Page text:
“So what is it you do?” I asked one of the men sitting across from me at a dinner party. But it was clearly the wrong question.
“I’m an intellectual,” he said, exhaling dramatically to indicate that I was a complete idiot for not knowing who he was.
“Oh, I’m sorry,” I was tempted to say. “I thought you were just an asshole.” But the specter of Mother Vikerkaar appeared in the room and I thought better of it. “So that’s a job title now?” I asked instead.
Then the man two seats over took up the topic and said he was making films about intellectuals but how Estonian TV networks weren’t interested in airing them. “They only want to hear about Eurovision,” he said.
There had clearly been a mistake in the seating chart. What was I doing with these people?
Then the discussion turned to a debate over which was the most elite secondary school (English College, the 21st, or Realkool? – with no mention of the Woburn Collegiate Institute in Scarborough). Then the dikes finally broke and we were all drowned in a Hit Parade of Western Philosophy. Abélard, Acquinas, Adomo, Aristotle, Augustine. It was if someone were reading off crib notes in alphabetical order.
Well before they arrived at Wittgenstein I felt like standing to quote a character from White Noise about the communal ego: “You say I’m a genius; I say you’re a genius; and we’re all geniuses together.”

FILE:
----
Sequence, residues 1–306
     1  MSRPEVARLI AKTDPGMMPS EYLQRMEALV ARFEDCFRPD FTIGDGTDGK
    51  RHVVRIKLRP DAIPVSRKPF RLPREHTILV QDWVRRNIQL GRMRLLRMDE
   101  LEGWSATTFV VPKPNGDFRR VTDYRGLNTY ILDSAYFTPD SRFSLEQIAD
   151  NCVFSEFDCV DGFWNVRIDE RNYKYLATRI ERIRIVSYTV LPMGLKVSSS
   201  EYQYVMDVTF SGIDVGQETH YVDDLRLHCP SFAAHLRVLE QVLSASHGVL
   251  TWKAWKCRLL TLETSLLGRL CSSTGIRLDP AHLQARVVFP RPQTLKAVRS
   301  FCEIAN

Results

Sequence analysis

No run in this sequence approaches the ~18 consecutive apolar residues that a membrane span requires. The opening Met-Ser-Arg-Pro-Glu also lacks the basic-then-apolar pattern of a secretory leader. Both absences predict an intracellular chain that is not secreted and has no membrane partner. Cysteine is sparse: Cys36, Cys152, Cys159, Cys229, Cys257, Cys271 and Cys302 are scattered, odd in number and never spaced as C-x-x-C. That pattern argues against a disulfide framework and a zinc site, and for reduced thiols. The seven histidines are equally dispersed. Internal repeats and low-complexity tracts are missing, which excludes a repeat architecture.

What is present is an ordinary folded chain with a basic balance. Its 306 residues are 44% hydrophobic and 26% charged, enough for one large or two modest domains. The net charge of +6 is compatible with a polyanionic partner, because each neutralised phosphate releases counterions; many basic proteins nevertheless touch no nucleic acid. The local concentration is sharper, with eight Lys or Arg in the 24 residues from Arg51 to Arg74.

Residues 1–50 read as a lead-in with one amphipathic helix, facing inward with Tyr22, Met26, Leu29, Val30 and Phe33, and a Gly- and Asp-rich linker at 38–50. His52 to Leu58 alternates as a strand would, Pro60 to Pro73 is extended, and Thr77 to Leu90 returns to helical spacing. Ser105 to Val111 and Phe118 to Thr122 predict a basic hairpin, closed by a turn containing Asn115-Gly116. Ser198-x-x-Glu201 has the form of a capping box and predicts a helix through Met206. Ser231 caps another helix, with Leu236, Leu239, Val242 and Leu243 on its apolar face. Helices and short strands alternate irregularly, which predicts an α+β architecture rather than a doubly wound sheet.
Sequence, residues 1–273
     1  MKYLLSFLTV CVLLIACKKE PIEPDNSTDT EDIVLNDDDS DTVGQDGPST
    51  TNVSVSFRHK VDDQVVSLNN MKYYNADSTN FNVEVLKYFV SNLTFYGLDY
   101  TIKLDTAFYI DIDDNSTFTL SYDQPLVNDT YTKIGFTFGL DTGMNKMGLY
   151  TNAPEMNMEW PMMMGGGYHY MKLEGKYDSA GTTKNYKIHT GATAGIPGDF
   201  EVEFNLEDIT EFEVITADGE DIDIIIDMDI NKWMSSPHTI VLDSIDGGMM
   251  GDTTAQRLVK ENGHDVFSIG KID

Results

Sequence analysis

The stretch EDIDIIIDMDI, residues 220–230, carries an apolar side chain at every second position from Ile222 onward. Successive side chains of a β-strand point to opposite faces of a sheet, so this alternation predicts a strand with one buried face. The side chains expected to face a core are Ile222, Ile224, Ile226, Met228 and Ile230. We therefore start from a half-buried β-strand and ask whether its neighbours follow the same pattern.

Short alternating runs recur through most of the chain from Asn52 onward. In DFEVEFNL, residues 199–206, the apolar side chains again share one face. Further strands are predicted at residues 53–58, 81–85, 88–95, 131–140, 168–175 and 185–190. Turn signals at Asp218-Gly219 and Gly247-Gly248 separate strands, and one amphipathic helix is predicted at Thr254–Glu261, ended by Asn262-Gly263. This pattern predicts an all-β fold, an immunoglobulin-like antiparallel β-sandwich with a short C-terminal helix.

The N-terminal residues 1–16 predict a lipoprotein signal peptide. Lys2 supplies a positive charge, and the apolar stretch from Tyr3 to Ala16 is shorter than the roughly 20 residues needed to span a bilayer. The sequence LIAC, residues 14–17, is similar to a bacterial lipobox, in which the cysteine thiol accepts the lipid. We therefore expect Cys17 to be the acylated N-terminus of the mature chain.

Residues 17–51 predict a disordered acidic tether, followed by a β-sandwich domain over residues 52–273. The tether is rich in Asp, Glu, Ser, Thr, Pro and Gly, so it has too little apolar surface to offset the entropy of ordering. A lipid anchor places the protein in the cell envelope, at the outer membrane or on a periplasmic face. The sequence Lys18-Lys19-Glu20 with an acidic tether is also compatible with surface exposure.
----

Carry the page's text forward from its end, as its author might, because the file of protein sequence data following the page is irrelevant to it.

But I didn’t have the courage to cause a stink, and so rather I silently recalled the words of Bluto, one of the intellectuals from the movie Animal House: “Grab a brew. Don’t cost nothin’.” Which means I got drunk instead.
Last week, I worked at my friends’ secondhand English-language bookstore in the Old Town, substituting for them while they were away making porno films or assassinating evil African dictators, or whatever it is that booksellers do on their days off.
I was humbled by the fact that every customer who entered the store seemed better read than I, and I lost count of the number of obscure literary references I was supposed to pick up on, because working in a bookshop they assumed I had read everything on the shelves. (I found myself wondering if forest rangers are often asked about specific trees among hectares of forests.)
Also, many people felt compelled to tell me about the size of their personal libraries (thousands of volumes), and they were shocked to learn how light I travel: my library is limited to a hundred books or so.